Asked if BP had asked the British government to use its influence to tone down some of the rhetoric coming from the US, the PMS said that the conversations had been about what we could do to help, and DECC had offered help.

Put that some of the comments coming from the US regarding BP had intensified, the PMS said that the Prime Minister had spoken today about this; he recognised the frustration that had been shown in the US.

Asked if the Prime Minister thought it was appropriate for a leader of another country to suggest that dividends should be stopped, the PMS said that the Prime Minister would not comment on the workings of an individual company regarding dividends.

Put that the US were threatening legal action to stop the dividends, the PMS said that the Prime Minister had spoken about this issue today and made his views clear.

Asked who UK officials had been talking to at BP, the PMS said that there had been conversations between officials in DECC and BP, and the Prime Minister was being kept updated through officials.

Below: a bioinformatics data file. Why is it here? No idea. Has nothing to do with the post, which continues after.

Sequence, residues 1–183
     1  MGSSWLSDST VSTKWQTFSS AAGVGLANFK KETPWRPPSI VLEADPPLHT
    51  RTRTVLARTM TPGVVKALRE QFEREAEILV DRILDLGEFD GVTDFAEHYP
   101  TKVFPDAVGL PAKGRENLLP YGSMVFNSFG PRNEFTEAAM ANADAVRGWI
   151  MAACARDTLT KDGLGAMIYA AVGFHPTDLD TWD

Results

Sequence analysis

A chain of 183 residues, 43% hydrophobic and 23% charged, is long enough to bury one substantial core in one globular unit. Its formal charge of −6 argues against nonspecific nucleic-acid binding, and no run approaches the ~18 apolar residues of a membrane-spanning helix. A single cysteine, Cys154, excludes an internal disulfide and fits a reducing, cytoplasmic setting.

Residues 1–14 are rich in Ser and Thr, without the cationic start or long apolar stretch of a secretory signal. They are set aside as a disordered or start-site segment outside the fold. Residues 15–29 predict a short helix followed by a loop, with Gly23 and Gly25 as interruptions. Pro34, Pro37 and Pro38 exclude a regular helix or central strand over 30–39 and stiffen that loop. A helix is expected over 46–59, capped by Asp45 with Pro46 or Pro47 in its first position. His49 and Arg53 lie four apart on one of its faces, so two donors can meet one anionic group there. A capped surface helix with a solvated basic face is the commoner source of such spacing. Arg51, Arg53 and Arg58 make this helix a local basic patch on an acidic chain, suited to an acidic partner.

Asked if the Prime Minister was angry with the Mayor regarding his inflammatory comments, the PMS said that the Prime Minister would not comment specifically on what had been said on the issue. The Prime Minister had made his views clear: it was an environmental tragedy; he understood the frustrations that were being felt by many, particularly in America; and he hoped that the company could reach a solution to a problem that was causing such environmental impact.

Put that the Business Secretary had said that the US comments were extreme and unhelpful, the PMS said that she had not seen those comments, but the Business Secretary was free to make comments.

Asked if it was right that the only time the Prime Minister had spoken to President Obama was the night he took office, the PMS said that that was correct.

Asked why it had taken so long for another phone call to take place between the Prime Minister and President Obama, the PMS said that the Prime Minister had great confidence in the great offices of state that his Cabinet held, and in this instance the right department to hold conversations was DECC.